Though people say all kinds of things to strangers on the internet, in person we filter our words and moderate our behavior to protect our reputations and personal safety. If writers emulate the kind of "banter" they see on Twitter, the resulting dialogue will be artificial.

Indignant Speeches

Twitter is full of angry proclamations condemning sexism, racism, ableism, and any other kind of -ism in existence.

But when the topic of -isms comes up in real life, the contents and tone of the conversations are different. People discuss specific controversial incidents or institutional policies that affect them. They share their personal stories and feelings. They don't simply launch into spontaneous break-room lectures about pronouns and the oppression of marginalized peoples.

Fictional characters, however, seem to be doing so with increasing frequency, and we end up with very preachy books.

Here's a piece of dialogue from a big emotional moment in another romance that was popular a couple of years ago. The speaker is a young prince whose family disapproves of his boyfriend because they're afraid of public criticism.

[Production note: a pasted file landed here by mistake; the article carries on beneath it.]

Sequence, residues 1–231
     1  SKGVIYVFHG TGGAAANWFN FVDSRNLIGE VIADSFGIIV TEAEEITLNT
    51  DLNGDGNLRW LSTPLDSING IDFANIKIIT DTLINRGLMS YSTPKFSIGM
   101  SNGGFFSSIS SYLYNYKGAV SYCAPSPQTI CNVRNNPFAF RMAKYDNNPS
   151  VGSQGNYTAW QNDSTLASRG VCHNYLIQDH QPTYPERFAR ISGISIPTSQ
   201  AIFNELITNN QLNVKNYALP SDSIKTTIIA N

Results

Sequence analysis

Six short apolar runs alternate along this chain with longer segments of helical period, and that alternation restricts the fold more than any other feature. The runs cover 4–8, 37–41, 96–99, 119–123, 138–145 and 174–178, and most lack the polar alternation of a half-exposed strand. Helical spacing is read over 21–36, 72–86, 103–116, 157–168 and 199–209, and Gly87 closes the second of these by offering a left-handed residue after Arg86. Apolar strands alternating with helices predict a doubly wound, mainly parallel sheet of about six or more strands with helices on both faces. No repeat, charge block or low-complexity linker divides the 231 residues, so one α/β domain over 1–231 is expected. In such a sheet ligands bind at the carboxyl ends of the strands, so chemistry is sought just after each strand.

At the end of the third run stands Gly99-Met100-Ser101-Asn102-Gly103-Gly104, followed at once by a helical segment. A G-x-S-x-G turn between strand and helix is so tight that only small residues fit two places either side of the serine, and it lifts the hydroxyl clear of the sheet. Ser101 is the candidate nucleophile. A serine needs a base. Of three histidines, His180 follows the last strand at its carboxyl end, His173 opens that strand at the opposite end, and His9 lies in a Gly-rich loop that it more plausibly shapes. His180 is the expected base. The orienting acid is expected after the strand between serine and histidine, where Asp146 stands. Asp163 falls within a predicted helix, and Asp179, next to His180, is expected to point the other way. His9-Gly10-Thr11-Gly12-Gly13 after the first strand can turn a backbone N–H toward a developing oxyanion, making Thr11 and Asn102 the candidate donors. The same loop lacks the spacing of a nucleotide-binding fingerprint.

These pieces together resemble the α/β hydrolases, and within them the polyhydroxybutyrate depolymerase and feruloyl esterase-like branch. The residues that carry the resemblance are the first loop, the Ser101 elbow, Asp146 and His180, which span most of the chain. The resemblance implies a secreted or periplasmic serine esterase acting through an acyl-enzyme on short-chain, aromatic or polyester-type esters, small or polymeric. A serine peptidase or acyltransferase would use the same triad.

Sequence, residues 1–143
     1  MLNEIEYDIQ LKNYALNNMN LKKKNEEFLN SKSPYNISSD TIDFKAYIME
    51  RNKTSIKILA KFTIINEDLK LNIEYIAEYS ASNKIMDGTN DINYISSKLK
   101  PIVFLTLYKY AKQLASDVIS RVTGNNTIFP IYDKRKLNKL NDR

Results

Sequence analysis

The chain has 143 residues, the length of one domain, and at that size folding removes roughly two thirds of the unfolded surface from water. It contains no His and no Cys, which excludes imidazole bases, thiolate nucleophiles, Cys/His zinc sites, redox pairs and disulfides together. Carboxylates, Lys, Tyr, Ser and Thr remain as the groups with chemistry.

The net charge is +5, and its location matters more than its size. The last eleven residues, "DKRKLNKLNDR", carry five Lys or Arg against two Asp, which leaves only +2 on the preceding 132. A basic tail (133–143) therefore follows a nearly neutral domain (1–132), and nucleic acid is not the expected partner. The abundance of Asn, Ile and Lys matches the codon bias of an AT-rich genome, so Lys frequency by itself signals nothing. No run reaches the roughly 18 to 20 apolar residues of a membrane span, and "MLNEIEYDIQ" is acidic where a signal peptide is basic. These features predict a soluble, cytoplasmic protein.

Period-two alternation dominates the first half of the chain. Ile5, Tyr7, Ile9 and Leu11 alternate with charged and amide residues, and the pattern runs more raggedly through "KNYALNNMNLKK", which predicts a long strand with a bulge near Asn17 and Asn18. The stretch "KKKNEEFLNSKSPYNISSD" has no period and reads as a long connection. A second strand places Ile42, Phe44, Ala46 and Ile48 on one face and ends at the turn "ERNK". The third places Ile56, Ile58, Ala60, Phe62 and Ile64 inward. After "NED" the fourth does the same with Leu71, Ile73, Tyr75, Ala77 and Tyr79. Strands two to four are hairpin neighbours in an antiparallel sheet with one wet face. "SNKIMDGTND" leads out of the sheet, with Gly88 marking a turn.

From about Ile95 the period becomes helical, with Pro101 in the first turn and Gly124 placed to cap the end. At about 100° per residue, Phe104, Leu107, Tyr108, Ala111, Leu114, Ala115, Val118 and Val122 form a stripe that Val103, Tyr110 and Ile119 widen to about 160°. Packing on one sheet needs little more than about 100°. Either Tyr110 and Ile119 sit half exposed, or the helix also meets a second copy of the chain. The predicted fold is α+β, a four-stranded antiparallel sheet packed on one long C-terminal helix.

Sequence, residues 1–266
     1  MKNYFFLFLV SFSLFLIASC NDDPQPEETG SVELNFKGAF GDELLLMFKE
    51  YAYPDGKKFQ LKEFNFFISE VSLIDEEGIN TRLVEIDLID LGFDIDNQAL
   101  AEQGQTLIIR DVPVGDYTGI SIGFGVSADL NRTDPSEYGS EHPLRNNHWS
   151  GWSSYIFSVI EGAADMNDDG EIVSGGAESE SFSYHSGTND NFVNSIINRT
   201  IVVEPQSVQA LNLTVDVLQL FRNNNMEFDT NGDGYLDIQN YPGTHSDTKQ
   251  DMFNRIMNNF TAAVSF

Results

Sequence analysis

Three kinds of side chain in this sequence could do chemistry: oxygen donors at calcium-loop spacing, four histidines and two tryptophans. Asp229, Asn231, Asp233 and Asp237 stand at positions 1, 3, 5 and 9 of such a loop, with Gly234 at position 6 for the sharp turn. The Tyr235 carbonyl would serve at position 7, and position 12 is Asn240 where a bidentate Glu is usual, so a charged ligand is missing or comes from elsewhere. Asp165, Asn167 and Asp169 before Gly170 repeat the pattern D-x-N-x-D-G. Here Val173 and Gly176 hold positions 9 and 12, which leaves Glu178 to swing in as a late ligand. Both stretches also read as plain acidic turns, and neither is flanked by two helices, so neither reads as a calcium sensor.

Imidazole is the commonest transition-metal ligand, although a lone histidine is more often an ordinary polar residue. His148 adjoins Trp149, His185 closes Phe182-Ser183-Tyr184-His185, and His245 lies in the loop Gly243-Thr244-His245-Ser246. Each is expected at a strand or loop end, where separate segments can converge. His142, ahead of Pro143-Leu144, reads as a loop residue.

"What are we even defending here, Philip? What kind of legacy? What kind of family, that says, we'll take the murder, we'll take the raping and pillaging and the colonizing, we'll scrub it up nice and neat in a museum, but oh no, you're a bloody poof?"

Now I admit I don't know any princes, but I know that when young people feel hurt and wronged by their families, they don't deliver eloquent speeches about the harmful effects of imperialism. A boy in this situation might blurt out that he knew his family was backwards, but he didn't know they were this bad; that they're hypocrites who are obsessed with looking like good people who care about the country, but they really only care about themselves; etc. The leap from the natural feeling of "you all suck" to an enlightened rant about "raping and pillaging and colonizing" is too great to be believable.


Writers can learn many things from social media. You can learn about the experiences and concerns of people you wouldn't ordinarily meet, and even if you did they wouldn't feel comfortable talking about such things in person. You can learn about what kinds of trends and stories capture people's interest. Sometimes you can learn about useful things like resources for writers and recommended books on craft you hadn't seen before.

But social media can't teach us about natural human behavior and speech. Those are things we can observe only by living and working with real people. If social media becomes the primary way writers interact with others, the patterns they pick up can hurt their work, not improve it.